Line Beauchamp, ministre de la Culture et des Communications du Québec, Montréal, le 26 septembre 2005 – 2005/09/26
On September 26, Québec minister of culture and communications Line Beauchamp spoke to heads of mission and consular corps members at a meeting to discuss the UNESCO Draft Convention on the Protection and Promotion of the Diversity of Cultural Expressions: “ With the UNESCO General Conference just days away, I felt it was important to meet with you. For it is to this conference that the draft convention negotiated over the past several months will be submitted for adoption. Over the course of the last two years, I have had the opportunity to speak with representatives from a number of countries, either in private or at various forums. I have occasionally encountered diverging perspectives on issues raised by the convention. But I have also observed—with considerable satisfaction I might add—a steadily increasing convergence of views in recent months ,” the minister noted.
The minister reaffirmed the Québec government’s commitment to protecting the diversity of cultural expressions. This commitment is reflected in government support for cultural expression [and in] a wide array of policies, programs, and measures that promote the actions and initiatives of the cultural community and of artists and creators themselves: “For us, it is obvious that the vitality of our culture and its expressions would be threatened if our governments were deprived of the leeway they need to adopt cultural support measures and policies. This threat is particularly acute in today’s era of globalization and exploding technological potential. The challenge is to take advantage of these changes while avoiding cultural impoverishment and homogenization. This is the perspective framing Québec’s ongoing efforts to defend the principle of diversity of cultural expression and the means to protect it.”
Minister Beauchamp recalled that the Québec government was one of the first governments to officially support an international convention on the diversity of cultural expressions: “Our position on protecting and promoting the diversity of cultural expressions dates back to the 1980s, when Québec demanded that cultural industries be excluded from the Canada-U.S. Free Trade Agreement. Québec expressed similar concerns during North American Free Trade Agreement negotiations (NAFTA) which took effect in 1994. […] In 1999, the Government of Québec officially came out in favor of an international instrument on cultural diversity that recognized the right of states and governments to support culture. This stance was reiterated in a number of Cabinet decisions, notably the adoption of the government’s position on cultural diversity on September 3, 2003. The Government of Québec also decided to refrain from making trade liberalization commitments and to use reservations in order to protect its policies whenever issues arose that could potentially affect its ability to adopt cultural support measures (e.g., matters involving goods, services, investment, competition rules, intellectual property). The decision was motivated by the fact that culture is not a product ‘like any other.’ Cultural expression is a vector for identity and its vitality and diversity often depend on public support.”
In addition, the minister asserted that for Québec, the draft Convention on the Protection and Promotion of the Diversity of Cultural Expressions “may not be perfect, but it does have the inestimable merit of being a reasonable and balanced compromise acceptable to the greatest number. The convention includes a number of elements that we strongly support: reaffirmation of the right of states and governments to implement policies and measures in support of cultural expressions; recognition of the special nature of cultural goods, services, and activities; the principle of openness to other world cultures; the desire to promote international cooperation and support the development of cultural industries in developing countries, in a spirit of solidarity; the clear non-subordination of the convention to other international instruments; the invitation to civil society to contribute to the goals of the convention. In substance, we believe that the convention, in its current form, has all the fundamental ingredients it needs to serve as an international benchmark for cultural issues and fill the legal vacuum that currently exists.” The minister added, “At this point, we are ‘cautiously optimistic,’ given the number of countries that have already signaled their support for the convention. […] I was also pleased to see that virtually all UNESCO Executive Council members attending the meeting held a few days ago supported the Canadian resolution recommending adoption of the draft convention at the upcoming General Conference.”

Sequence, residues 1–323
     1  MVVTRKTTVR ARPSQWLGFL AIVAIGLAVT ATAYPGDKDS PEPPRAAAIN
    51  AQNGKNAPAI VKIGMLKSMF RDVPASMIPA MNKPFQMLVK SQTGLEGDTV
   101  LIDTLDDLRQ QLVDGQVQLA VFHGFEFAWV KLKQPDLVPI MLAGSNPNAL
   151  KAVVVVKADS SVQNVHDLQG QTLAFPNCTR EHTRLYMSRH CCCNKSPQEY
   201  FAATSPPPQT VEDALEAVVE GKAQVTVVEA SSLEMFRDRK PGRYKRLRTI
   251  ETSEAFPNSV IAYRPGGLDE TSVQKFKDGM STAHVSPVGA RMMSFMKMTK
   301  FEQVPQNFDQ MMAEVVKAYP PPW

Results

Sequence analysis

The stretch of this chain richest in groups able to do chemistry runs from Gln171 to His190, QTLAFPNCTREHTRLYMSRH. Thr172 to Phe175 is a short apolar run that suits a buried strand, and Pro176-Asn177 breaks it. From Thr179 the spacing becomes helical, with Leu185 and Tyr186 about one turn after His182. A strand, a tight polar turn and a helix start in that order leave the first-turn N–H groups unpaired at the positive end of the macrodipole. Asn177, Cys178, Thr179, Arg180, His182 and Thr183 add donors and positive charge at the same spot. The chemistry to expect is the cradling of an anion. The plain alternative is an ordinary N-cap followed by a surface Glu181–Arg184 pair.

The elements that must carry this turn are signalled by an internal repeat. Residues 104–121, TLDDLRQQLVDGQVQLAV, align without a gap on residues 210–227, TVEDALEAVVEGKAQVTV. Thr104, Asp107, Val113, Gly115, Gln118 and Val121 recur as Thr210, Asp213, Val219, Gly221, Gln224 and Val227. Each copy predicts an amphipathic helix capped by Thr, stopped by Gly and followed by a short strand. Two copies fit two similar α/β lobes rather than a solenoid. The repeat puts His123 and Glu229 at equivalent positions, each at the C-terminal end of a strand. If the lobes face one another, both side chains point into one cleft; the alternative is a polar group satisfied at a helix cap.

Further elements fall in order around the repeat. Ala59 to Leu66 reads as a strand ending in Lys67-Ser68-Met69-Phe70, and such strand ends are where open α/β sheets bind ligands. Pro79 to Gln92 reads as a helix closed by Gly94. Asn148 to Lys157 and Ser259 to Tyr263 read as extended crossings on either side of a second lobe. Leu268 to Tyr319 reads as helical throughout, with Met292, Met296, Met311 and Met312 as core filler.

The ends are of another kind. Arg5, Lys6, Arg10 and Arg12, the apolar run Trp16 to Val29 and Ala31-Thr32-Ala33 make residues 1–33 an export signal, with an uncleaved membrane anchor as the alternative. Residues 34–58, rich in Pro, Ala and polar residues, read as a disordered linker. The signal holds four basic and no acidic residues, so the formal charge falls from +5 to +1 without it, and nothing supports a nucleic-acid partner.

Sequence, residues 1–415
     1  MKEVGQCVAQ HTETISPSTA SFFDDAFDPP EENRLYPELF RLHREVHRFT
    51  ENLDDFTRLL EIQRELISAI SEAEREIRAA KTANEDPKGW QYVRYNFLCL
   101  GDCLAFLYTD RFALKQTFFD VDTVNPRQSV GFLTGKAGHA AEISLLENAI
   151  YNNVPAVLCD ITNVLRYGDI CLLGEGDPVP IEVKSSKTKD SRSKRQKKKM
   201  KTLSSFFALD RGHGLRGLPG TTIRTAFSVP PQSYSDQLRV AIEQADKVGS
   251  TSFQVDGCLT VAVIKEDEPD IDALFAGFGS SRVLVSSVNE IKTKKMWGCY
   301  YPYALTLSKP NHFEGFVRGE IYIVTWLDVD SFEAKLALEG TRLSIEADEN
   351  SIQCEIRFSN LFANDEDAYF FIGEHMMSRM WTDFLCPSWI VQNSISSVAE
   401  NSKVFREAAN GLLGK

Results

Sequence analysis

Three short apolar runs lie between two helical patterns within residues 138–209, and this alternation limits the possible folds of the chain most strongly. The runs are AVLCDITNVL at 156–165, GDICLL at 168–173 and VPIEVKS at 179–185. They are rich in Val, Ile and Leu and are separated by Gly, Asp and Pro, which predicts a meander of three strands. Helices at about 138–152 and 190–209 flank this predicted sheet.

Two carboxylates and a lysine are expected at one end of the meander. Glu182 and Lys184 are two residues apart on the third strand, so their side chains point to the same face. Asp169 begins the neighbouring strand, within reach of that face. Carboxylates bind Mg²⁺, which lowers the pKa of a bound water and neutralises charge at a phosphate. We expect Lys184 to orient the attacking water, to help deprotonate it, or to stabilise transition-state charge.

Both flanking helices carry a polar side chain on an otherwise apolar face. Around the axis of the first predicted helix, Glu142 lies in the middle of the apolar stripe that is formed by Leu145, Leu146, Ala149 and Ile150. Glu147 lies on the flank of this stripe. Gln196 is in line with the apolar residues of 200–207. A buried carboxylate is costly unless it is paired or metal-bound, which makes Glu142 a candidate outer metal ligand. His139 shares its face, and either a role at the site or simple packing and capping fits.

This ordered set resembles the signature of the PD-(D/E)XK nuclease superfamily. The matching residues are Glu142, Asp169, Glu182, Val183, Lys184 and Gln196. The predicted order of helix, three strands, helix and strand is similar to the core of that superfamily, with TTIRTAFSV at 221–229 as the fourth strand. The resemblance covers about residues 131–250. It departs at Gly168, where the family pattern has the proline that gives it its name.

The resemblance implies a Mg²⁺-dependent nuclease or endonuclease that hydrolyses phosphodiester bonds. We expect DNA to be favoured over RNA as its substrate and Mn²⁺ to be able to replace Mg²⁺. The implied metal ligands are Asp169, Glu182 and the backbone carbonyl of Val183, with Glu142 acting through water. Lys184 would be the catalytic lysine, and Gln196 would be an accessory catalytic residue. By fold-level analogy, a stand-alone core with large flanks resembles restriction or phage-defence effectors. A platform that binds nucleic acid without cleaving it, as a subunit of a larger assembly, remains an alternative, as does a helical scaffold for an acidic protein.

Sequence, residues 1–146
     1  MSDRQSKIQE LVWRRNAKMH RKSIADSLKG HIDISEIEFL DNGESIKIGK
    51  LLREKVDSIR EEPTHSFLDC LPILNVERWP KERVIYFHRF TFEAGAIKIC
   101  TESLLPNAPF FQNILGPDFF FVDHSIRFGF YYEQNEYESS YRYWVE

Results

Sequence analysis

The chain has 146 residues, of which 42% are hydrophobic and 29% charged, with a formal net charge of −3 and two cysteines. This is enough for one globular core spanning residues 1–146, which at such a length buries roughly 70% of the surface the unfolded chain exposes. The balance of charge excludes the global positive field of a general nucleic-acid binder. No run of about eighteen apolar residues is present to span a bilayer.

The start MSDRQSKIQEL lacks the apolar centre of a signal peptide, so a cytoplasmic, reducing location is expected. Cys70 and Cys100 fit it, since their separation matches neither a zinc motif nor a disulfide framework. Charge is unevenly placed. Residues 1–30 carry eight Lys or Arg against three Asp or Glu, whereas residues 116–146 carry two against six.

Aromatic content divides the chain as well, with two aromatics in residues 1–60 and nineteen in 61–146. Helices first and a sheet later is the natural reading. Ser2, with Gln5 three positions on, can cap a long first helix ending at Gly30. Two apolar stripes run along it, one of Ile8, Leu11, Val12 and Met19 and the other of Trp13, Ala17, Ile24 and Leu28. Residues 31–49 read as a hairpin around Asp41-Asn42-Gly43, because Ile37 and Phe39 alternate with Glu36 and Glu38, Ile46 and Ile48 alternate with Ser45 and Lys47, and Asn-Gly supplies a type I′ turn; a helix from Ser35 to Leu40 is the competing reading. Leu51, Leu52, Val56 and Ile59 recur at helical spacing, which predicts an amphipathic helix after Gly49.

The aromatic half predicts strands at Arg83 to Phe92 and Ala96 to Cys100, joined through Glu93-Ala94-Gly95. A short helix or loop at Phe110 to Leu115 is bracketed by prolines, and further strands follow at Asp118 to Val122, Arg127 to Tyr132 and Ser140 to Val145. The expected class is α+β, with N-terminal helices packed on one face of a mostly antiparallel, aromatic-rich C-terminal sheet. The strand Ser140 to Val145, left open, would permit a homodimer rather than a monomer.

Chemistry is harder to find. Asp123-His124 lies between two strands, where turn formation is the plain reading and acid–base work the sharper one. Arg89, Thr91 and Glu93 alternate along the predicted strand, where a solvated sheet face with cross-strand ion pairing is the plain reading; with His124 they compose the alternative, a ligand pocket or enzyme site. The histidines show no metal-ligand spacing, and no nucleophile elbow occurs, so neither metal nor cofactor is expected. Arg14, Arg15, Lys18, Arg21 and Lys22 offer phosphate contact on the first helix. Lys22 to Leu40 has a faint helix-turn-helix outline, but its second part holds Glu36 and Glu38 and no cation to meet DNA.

Minister Beauchamp therefore urged all consular corps members “to encourage your governments to support the adoption at the General Conference in October of the draft text produced by government experts. Once the convention has been adopted, other important steps will obviously follow. We can all be proud of the achievements that have crowned these years of effort and dialog, but we cannot let down our guard just yet, because the impact of the convention will obviously depend on the number of countries that ratify it. The ratification phase constitutes a major challenge. We will have to maintain and even step up our efforts if we are to achieve our objectives. But until the UNESCO General Conference, the main goal is to have the convention adopted by as wide a margin as possible in order to take a crucial first step toward protecting and promoting the universal heritage of the world’s cultural expressions,” the minister concluded.